Canoeing's most famous double act is headed back to the Olympics again, and the home country expects another victory.

It's OK. Peter and Pavol Hochschorner are used to it.

The twins are sporting icons in Slovakia after winning canoe slalom's C-2 event at the last three summer games, accounting for almost half of their country's gold medals since gaining independence from Czechoslovakia in 1993.

A fourth consecutive Olympic title in whitewater slalom would be an unprecedented feat, matching their record run of victories at world championships from 2008-2011. But breaking records just seems to come naturally for the fun-loving 32-year-old brothers from Bratislava.

"The pressure is similar to other years — we are used to it that as for more than 10 years, our country has expected the best results from us," Peter Hochschorner told The Associated Press. "That pressure helps us to concentrate and motivates us to make these results.

"But I'm not even thinking about the Olympics yet. I will only start thinking about it when I sit in the plane to London."

The Hochschorners traveled to London last year to take a closer look at the Lee Valley White Water Center course that will host the Olympic canoe slalom from July 29 to Aug. 2. They won the C-2 competition at a test event, and Peter Hochschorner wasn't very impressed by the 250-meter course, either.

"At Lee Valley, many parts of the course are the same and for me it's little bit boring," he said. "But I'm not saying it's not good for paddling. I think you can learn this course quickly."

Slovakia has ruled the whitewater waves since the turn of the century, making its paddlers the country's most successful sports stars. All seven of Slovakia's gold medals have come in canoe slalom and it has strong contenders for two of the other three disciplines raced at the Olympics.

Jana Dukatova beat reigning two-time Olympic champion Elena Kaliska in a fiercely competitive national trial and will be one of the favorites in the women's K-1. Michal Martikan also has won two Olympic golds, including in Beijing in 2008, and will resume his decade-long tussle with French rival Tony Estanguet — another double gold medalist — in the men's C-1.

Only now there's a new kid in town, threatening to break Slovakia's hold on the sport.

In Cardiff at the start of June, Britain's David Florence became the first man to win both C-1 and C-2 events at a World Cup meet. The high-quality field included the Hochschorner brothers.

The twin victories showed Britain's improvement in canoeing and kayaking in the run-up to the Games. The host country also could be a factor in the canoe sprint at Dorney Lake, west of London, which will be held after the rowing regatta on the same stretch of water.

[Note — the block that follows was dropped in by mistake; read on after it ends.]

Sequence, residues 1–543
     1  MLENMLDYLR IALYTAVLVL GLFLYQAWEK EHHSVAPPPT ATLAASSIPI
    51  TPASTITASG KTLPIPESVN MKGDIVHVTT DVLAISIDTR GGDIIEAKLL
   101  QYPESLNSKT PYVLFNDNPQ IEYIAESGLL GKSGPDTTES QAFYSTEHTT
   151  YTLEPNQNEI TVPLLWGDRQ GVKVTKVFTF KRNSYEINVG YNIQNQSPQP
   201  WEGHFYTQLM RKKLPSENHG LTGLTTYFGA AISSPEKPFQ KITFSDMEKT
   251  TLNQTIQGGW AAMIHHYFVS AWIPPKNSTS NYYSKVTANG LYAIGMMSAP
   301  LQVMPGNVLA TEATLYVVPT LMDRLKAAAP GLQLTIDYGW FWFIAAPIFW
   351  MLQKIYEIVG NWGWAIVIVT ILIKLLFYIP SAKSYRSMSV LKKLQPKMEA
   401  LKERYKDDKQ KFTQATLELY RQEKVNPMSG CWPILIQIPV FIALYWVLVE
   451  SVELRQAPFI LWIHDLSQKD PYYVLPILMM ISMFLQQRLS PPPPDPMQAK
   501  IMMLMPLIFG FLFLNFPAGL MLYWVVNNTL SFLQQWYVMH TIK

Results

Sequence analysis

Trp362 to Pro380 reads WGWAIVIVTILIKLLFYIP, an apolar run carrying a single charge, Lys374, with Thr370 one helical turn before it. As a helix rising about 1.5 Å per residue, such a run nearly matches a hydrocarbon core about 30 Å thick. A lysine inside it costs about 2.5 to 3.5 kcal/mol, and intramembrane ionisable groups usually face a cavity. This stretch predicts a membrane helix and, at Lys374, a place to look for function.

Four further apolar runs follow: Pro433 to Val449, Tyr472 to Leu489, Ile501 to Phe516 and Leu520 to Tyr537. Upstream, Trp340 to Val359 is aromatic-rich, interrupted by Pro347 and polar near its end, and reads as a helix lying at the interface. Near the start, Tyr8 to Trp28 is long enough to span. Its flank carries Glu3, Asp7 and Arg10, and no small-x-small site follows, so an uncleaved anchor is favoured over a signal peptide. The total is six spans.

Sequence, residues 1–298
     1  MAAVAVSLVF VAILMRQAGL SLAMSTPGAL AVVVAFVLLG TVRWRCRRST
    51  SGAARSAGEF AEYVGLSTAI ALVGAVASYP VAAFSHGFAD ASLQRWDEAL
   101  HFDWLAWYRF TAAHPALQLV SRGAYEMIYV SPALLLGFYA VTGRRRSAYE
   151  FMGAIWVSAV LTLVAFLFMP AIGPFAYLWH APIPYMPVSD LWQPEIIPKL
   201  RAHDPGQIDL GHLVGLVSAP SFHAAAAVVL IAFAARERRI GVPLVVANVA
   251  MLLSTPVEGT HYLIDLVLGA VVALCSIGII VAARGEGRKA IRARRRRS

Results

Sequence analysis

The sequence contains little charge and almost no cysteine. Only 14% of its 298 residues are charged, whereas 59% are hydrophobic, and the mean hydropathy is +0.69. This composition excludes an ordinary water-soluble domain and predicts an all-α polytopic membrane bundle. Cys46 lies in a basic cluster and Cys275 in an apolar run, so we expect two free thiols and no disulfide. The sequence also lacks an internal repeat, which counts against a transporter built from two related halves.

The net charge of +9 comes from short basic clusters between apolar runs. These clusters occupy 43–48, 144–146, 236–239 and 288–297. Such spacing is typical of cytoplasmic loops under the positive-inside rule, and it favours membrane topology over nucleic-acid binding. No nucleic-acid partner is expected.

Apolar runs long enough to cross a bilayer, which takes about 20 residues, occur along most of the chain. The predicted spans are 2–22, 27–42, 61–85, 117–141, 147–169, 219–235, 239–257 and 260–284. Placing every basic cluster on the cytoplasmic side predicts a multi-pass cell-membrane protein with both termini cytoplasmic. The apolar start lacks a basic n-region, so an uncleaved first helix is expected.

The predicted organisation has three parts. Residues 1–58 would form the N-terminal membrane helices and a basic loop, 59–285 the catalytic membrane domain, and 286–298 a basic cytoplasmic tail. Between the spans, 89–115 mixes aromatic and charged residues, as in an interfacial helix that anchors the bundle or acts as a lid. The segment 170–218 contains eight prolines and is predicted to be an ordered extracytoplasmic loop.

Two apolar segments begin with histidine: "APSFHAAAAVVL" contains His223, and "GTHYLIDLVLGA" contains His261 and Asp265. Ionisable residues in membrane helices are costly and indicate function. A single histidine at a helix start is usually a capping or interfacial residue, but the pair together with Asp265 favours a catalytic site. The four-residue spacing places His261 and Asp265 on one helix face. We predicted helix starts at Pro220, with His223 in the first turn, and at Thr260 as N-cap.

To inject some excitement into a sport that is regularly overshadowed by its bigger brother, canoe sprint officials replaced the men's 500 meters with the 200. Races will be over in barely 30 seconds in an exhibition of raw power where athletes paddle at a rate of 180 strokes a minute.

"It will be explosive," Simon Toulson, secretary general of International Canoe Federation, told the AP. "That's the idea behind the 200; we wanted to showcase that canoeing and rowing are two very different sports."

Britain's Ed McKeever, nicknamed 'Usain Bolt on Water,' is expected to do well in the K-1 200, but the Germans are coming off dominant showings in recent World Cup events.

One of the top medal threats for Germany is 35-year-old Katrin Wagner-Augustin, who is competing in the kayak fours raced over 500 meters and is trying to win gold at a fourth straight Olympics after victories at Sydney (K-2 and K-4), Athens (K-4) and Beijing (K-4).

A 10-time world champion since 1997, Wagner-Augustin is one of Germany's most successful athletes.

In a sport where traditional Olympic powers United States, China and Russia are largely non-factors, Hungary is the other big force, with its raft of top-class paddlers treated like Hollywood celebrities back home.

Twelve medals are up for grabs in the canoe sprint, which is held from Aug. 6-11.


Medal projections:



C1 200m

Gold: Ivan Shtyl, Russia

Silver: Alfonso Benavides, Spain

Bronze: Stefan Kiraj, Germany

C1 1000m

Gold: Attila Vajda, Hungary

Silver: Sebastian Brendel, Germany

Bronze: Mark Oldershaw, Canada

C2 1000m

Gold: Germany

Silver: Czech Republic

Bronze: Poland

K1 200m

Gold: Ed McKeezer, Britain

Silver: Piotr Siemionowski, Poland

Bronze: Cesar De Cesare, Ecuador

K1 1000m

Gold: Adam van Koeverden, Canada

Silver: Max Hoff, Germany

Bronze: Anders Gustafsson, Sweden

K2 200m

Gold: Yury Postrigay and Alexander Dyachenko, Russia

Silver: Sebastien Jouve and Arnaud Hybois, France

Bronze: Jonathan Schofield and Liam Heath, Britain

K2 1000m

Gold: Andreas Ihle and Martin Hollstein, Germany

Silver: Peter Gelle and Erik Vlcek, Slovakia

Bronze: Henrik Nilsson, Markus Oscarsson, Sweden

K4 1000m

Gold: Czech Republic

Silver: Germany

Bronze: Russia


K1 200m

Gold: Natasa Douchev-Janics, Hungary

Silver: Lisa Carrington, New Zealand

Bronze: Marta Walczykiewicz, Poland

K1 500m

Gold: Danuta Kozak, Hungary

Silver: Nicole Reinhardt, Germany

Bronze: Henriette Engel Hansen, Denmark

K2 500m

Gold: Tina Dietze and Franziska Weber, Germany

Silver: Tamara Csipes and Gabriella Szabo, Hungary

Bronze: Beata Mikolajczyk and Karolina Naja, Poland

K4 500m

Gold: Germany

Silver: Hungary

Bronze: Belarus




Gold: Tony Estanguet, France

Silver: Michal Martikan, Slovakia

Bronze: Nico Bettge, Germany


Gold: Pavol Hochschorner and Peter Hochschorner, Slovakia

Silver: Denis Gargaud Chanut and Fabien Lefevre, France

Bronze: David Florence and Richard Hounslow, Britain


Gold: Daniele Molmenti, Italy

Silver: Fabien Lefevre, France

Bronze: Mateusz Polaczyk, Poland



Gold: Jana Dukatova, Slovakia

Silver: Corinna Kuhnle, Austria

Bronze: Carole Bouzidi, France